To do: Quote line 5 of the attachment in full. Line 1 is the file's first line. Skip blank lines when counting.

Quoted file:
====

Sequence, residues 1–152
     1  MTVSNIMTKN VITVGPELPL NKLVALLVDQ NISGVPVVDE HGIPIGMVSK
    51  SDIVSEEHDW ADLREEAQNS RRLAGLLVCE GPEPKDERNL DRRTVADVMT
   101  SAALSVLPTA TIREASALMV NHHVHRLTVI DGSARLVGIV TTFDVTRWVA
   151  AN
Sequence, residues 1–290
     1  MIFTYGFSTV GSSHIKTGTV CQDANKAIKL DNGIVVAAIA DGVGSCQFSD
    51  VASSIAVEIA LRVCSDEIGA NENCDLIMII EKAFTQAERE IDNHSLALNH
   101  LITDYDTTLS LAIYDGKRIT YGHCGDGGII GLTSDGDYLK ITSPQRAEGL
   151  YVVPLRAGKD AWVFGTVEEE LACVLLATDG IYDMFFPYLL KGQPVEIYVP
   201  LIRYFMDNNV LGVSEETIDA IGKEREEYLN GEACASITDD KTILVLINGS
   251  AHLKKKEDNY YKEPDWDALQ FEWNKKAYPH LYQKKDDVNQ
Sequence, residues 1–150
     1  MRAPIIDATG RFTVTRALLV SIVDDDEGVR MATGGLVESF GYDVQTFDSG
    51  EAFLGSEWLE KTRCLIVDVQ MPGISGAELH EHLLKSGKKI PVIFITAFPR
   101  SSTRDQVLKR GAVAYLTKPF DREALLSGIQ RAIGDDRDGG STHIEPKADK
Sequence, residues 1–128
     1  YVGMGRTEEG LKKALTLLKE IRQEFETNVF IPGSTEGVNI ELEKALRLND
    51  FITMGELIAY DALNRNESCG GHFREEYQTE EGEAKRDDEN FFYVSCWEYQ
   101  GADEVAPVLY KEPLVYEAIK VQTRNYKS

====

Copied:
   151  AN